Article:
Sharon: I was at your gold conference five or six years ago, and one thing that stuck with me was one of the first speakers, who talked about how gold remains gold. You can change the shape and you can melt it and do this or that, but it remains gold. It is what it is, and I really thought about that.

Lisa: It’s enduring. It is unbelievably powerful. One of the things I found interesting, I went to see The Met show again, and in so many of the labels there was discussion of how from culture to culture, gold has this particular importance. Of course, everybody speculates, for example, on why diamonds have an importance to people. What is it that’s so compelling? People often speculate what is it about gold, and it’s the warmth that makes it conjure up fire or something in the darkness. There are so many thoughts about why it is enduringly compelling. There’s this line of poetry that always sticks with me from John Donne, who wrote exceptional poetry. One of his works was called “Valediction Against Mourning,” and he was also a minister and he traveled a lot. He wrote this for his wife, and in it he compares their love to gold and he says, “Love like gold to airy thinness beat.” The idea here is something that, on the one hand, is so pronounced, so blazing, and at the same time, can be beaten so thin and despite that, it will not break. So, I think there are reasons from culture to culture, but at the same time, there is an eternal fascination with gold and the power of gold. Even though we have gone off what you might call the gold standard, which is our currency being dictated by gold, we still have not gotten away from the social contract that exists that gold is a repository of value. Gold is traded in markets. There are ETFs, which are devices that represent or are backed by an amount of gold. We think that gold might be a haven during perilous economic periods. So, I wonder, is there a de facto gold standard? And the flip side of that question would be how do we define value? Because when you see something like “Money Stone” and you see this community that is focused on the extraction of gold from stones at great risk to themselves, does that not factor into the notion of value?

Sharon: We could talk forever about value and how you define it, especially with gold. Those are really intriguing questions.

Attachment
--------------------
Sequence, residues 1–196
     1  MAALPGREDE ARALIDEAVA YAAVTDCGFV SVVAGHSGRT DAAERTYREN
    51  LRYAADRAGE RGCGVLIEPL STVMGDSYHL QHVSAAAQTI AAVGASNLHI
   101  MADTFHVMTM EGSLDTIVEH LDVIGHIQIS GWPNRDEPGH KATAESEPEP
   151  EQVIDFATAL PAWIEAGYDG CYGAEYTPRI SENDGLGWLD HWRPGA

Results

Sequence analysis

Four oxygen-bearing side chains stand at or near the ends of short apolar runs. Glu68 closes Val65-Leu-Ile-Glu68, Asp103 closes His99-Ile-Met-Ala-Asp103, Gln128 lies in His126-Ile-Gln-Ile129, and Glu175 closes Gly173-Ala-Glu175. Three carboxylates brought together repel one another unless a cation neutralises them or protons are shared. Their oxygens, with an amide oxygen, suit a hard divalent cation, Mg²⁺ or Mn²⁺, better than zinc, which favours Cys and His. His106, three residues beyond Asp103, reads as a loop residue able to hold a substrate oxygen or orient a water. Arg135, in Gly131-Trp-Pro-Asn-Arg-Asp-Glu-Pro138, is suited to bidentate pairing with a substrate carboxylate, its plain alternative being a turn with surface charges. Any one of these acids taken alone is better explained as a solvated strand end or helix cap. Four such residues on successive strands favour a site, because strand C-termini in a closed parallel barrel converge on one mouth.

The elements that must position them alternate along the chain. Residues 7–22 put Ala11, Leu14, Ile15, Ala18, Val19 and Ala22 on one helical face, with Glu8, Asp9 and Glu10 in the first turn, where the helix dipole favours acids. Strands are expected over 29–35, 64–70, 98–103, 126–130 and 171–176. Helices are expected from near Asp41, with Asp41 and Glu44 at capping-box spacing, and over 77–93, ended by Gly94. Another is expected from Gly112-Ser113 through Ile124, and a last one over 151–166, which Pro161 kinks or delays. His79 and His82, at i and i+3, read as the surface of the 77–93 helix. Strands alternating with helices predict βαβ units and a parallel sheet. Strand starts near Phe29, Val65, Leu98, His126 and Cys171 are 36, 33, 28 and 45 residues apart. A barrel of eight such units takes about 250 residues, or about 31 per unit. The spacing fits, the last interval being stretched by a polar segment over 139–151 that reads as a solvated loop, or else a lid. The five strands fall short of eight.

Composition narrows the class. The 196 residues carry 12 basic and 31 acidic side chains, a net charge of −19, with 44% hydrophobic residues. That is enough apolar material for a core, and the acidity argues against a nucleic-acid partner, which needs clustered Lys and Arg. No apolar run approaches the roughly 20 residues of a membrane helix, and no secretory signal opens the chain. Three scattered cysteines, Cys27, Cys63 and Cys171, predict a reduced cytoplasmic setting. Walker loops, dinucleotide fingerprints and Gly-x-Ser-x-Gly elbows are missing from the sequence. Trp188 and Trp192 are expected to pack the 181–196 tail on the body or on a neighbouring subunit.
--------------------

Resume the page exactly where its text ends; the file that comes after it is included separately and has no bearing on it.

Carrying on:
Lisa: Just to go back to that thinness idea, someone whose work is absolutely extraordinary is an Italian goldsmith whose name is Giovanni Corvaja. His work is so astonishingly beautiful. He works with the notions of complexity, intricacy and also thinness, which he manages to obtain in some of the wires that are woven together in his work. He’s an exceptional goldsmith.

Sharon: So, tell us about this year’s conference. What’s the theme and can you highlight some of the speakers? Who should consider attending?

Lisa: With pleasure. This year’s theme is “Legacy, Leadership and Luminescence,” and what we are striving to do is explore everything from ideas of value to how gold factors in political issues of the day, for example, with the FTC and how we define caratage, something that is quite extraordinary in the United States. In the United Kingdom, for something to be gold, it needs to be 18 carat or above. In the United States, we accept caratage at a floating point based on FTC regulations. It could be 6 percent. That’s created quite a hullabaloo, as you can imagine, particularly within the jewelry world. From there, we go to an extraordinary maker, Stephen Webster, who we’re thrilled to welcome. In addition to his extraordinary artistry, he places a great emphasis on environmental and social impact. We’ll then consider different notions of community, new visions of spaces within which to train and create. A gentleman from Riva, Ted Doudak, who founded Riva Precision Manufacturing Inc., is contemplating housing a new model within his manufacturing company. Then we’ll be welcoming the Goldsmiths’ Centre, which is an extraordinary institution founded by Peter Taylor, and also the Goldsmiths’ Company, which champions training for makers who come from many different paths, whether it’s formal education or the apprenticeship route. They’ve created an extraordinary community and are carrying on some of the best of the traditions, values and practices, including apprenticeship, married with newer concerns and tools. We will welcome two great engravers and jewelers from the United Kingdom and have Glenn Adamson, who has a new book out called “The Hidden Wisdom of Objects.” He will be speaking about his book. In the evening we’ll be welcoming Mimi So, who is a phenomenal designer maintaining her independence, so from a sociological perspective she’s also incredibly important, and she’ll talk about being an American woman jewelry designer and her life in the field.